CBS ended up turning MFH into it’s own TV show in 1953 starring Vanessa Brown and Barry Nelson and more closely mirrored the  early radio version of the couple, a well to-do bank exec and his social butterfly wife. It lasted two and a half seasons.

S1E7: The Seance

20 Feb

Aired Nov 26, 1951

Plot: Lucy, suddenly superstitious, meddles in Ricky’s career when she tells theater producer Mr. Merriweather “no” because Ricky’s horoscope told her to. To make it up to everyone, Lucy holds a seance to contact’s Merriweather’s dear departed, Tilly.

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Let’s Get Into It: I guess Ethel’s tarot card reading from episode 4 convinces Lucy in the supernatural because now she is all about horoscopes and palm readings and numerology. She is a 3. Ricky is a 5 and Ethel is a 7. Whatever that means. At one point Ricky tells Lucy to “nip it in the 3” and Lucy’s reaction is “Watch your language!” Is he saying a bad word or saying to nip it in the Lucy?? Also maybe suggestive (for a 1950’s show) Ricky asks Lucy if she likes the way he “vibrates!” There’s also a Hers and Hers joke thrown in.

Lucy thinks she’s talking to Ricky’s barber and tells him “no no no” because Ricky’s horoscope says Gemini’s should stay in bed all day.Well she’s really talking to Ricky’s potential employer, Mr. Merriweather. Ricky marches Lucy straight over to Merriweather’s office to explain and lucky for them, Merriweather is all about horoscopes too. He’s a 7. “We’re all odd, aren’t we?”

So to schmooze him, Lucy invites him over for a seance so he can talk to Tilly. Ethel has more of that costume money and dressed up as the medium. Ricky and Lucy both have the same idea to fake the Tilly voice. Fred agrees to Rick’s plan, pretends to have a headache and waits downstairs for Ricky’s cue when it’s time to fake his voice, but it takes him too long and Lucy beats him to it. She sneezes and burns herself on the fireplace and convinces eager Mr. Merriweather that she has a cold and I guess is in Hell. They have a nice, deceiving chat and then he wants to contact Mrs. Merriweather! Fred arrives just in time and does that voice to remind Merriweather of his terrible memories with his wife. Ha!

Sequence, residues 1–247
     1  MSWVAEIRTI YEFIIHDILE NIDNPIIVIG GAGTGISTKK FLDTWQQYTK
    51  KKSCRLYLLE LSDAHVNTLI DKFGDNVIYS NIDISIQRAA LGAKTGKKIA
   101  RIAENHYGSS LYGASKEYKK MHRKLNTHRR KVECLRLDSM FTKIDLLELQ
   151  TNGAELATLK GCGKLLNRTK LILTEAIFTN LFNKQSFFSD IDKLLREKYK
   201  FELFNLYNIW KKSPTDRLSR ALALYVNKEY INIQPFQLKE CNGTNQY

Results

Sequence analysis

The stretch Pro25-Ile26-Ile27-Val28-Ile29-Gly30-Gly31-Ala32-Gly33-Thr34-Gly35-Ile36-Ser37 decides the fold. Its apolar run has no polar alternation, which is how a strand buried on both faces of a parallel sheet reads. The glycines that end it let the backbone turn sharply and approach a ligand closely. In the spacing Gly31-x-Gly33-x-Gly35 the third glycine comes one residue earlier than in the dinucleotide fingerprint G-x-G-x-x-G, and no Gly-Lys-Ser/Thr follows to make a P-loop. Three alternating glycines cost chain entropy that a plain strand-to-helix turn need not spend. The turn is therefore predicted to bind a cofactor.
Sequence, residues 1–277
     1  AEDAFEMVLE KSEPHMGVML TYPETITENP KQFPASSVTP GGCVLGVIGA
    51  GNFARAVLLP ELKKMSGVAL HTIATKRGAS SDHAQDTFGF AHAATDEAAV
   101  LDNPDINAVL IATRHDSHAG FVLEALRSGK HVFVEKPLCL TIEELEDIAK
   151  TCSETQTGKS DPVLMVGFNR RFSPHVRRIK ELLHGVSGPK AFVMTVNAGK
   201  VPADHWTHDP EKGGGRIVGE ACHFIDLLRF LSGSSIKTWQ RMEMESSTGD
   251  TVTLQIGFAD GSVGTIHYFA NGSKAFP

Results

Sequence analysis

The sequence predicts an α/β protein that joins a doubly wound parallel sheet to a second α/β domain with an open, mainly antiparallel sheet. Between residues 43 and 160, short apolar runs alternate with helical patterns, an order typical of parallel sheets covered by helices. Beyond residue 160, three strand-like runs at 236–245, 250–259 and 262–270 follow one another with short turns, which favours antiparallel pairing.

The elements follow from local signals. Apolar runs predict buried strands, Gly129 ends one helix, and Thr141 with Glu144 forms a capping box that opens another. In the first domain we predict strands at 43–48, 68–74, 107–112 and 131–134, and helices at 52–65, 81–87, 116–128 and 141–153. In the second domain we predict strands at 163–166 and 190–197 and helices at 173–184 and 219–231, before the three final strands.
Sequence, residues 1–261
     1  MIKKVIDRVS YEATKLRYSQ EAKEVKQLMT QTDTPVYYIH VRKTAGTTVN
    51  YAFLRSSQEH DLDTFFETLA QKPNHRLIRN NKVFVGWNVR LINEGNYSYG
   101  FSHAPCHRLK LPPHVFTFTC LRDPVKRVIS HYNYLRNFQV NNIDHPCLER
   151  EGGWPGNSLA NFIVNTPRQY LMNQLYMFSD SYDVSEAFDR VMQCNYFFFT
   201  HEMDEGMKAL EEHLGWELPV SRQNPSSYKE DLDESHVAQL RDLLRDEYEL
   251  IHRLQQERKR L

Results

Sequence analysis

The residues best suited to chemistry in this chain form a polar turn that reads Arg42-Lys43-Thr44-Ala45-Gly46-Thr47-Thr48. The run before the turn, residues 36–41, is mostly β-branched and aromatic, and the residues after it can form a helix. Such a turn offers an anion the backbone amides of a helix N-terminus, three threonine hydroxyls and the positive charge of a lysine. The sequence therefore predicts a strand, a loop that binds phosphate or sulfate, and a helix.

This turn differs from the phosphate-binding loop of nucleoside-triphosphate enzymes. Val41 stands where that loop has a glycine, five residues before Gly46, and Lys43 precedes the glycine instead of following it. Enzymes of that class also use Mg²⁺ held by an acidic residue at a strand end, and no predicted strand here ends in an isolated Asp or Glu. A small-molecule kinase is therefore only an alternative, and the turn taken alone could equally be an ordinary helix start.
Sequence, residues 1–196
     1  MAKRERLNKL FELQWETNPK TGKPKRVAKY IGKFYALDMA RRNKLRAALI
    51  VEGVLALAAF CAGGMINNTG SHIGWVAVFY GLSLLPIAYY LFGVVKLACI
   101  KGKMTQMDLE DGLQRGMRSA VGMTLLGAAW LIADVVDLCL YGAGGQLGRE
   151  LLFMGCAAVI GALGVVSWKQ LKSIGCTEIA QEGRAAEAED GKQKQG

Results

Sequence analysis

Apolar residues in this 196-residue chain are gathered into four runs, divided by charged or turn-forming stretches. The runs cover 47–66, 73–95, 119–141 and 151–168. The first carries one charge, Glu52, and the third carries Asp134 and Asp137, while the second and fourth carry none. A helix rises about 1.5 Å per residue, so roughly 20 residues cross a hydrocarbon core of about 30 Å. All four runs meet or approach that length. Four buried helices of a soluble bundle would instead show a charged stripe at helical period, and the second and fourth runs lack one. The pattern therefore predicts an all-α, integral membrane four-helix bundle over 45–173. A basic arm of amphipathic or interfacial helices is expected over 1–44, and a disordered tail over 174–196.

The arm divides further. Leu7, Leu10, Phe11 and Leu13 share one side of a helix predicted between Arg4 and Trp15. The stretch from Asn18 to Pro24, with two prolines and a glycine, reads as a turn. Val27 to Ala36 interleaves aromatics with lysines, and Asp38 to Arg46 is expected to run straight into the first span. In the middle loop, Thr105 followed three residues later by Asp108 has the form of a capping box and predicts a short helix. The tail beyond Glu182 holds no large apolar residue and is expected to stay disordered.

Since Lucy doesn’t know about Fred and Fred doesn’t know about Lucy, they’re convinced Ethel really was talking to a ghost. They start looking for one. Like under chairs and stuff. Ricky comes in after walking Merriweather out when he gets the info. Yes, Mrs. Merriweather is his wife but he is convinced Ethel is the real deal because Tilly’s voice sounded just like what he imagined it would be if Tilly could talk. Tilly, as it turns out, was his cocker spaniel!

Notes:

Starting with this episode one side of the Ricardo’s sofa was padded to make Desi appear taller when sitting next to Lucy.

 

Ricky is a Gemini. Ethel is a Leo (as is Viv in real life) and Lucy is a Taurus– in this episode. A later episode quotes Lucy’s birthday as Ball’s real birthday, Aug. 6th.

 

When Ball went on maternity leave, this was one of the episodes that re-ran with a new opening scene. Ricky comes home to Ethel babysitting because Lucy is at the library. She is trying to find the best name for the baby according to numerology. She almost named the baby Xavier! No child of Ricky’s will be named after Cugat!